New Iran president appeals for end to WMDs
TEHRAN (AFP) Aug 03, 2005
Iran's new President Mahmood Ahmadinejad, whose country is suspected by the West of seeking nuclear arms, appealed Wednesday for an end to weapons of mass destruction in the world.
But after formally endorsing Ahmadinejad as president, supreme leader Ayatollah Ali Khamenei ordered the new government not give up "the rights of the nation."
"Iranian leaders have no right to give up the nation's economic and political rights. These rights must be defended," Khamenei said in a speech punctuated by cries of "Death to America, Death to Israel" from regime officials at the ceremony.
The European Union and United States on Tuesday issued sharp warnings to Tehran over its threats to resume some sensitive nuclear fuel work, risking an international crisis.
Ahmadinejad, who took office after a shock June election win, said: "I will plead for the suppression of all weapons of mass destruction.
"Iran wants to see the establishment of last peace and justice," he said. "I will work for international justice because the world is starved of justice."
The hardline former Tehran mayor also said his goverment would work for justice, devotion to Islam, and for the prosperity of the people of Iran.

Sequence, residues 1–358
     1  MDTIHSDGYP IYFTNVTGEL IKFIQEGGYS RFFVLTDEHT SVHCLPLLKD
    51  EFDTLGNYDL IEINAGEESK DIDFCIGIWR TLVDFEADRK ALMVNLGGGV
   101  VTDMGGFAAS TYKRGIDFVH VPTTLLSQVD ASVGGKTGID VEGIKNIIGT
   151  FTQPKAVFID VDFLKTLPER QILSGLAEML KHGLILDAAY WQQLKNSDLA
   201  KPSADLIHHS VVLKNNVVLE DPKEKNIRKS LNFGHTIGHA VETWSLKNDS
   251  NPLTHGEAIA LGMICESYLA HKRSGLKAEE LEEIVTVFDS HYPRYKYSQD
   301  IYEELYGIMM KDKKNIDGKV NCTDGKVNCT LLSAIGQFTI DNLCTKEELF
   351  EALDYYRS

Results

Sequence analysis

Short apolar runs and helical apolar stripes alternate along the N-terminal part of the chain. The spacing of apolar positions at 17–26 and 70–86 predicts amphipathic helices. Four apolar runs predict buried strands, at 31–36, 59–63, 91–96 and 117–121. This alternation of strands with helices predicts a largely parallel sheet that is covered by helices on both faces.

"As servant of the Iranian nation, I want to defend its independence, our national interests and the religion of Islam. I want to defend the interests of citizens both inside and outside the country.
"I wish to extend justice, to be good to all God's subjects, to serve the people of Iran, to offer them progress and financial prosperity."
He pledged to pay "special attention to the disadvantaged," in a speech that also paid homage to the founder of the Islamic republic Ayatollah Ruhollah Khomeiny, to the "martyrs of the revolution" and veterans of the war with Iraq.All rights reserved. © 2005 Agence France-Presse. Sections of the information displayed on this page (dispatches, photographs, logos) are protected by intellectual property rights owned by Agence France-Presse. As a consequence, you may not copy, reproduce, modify, transmit, publish, display or in any way commercially exploit any of the content of this section without the prior written consent of Agence France-Presse.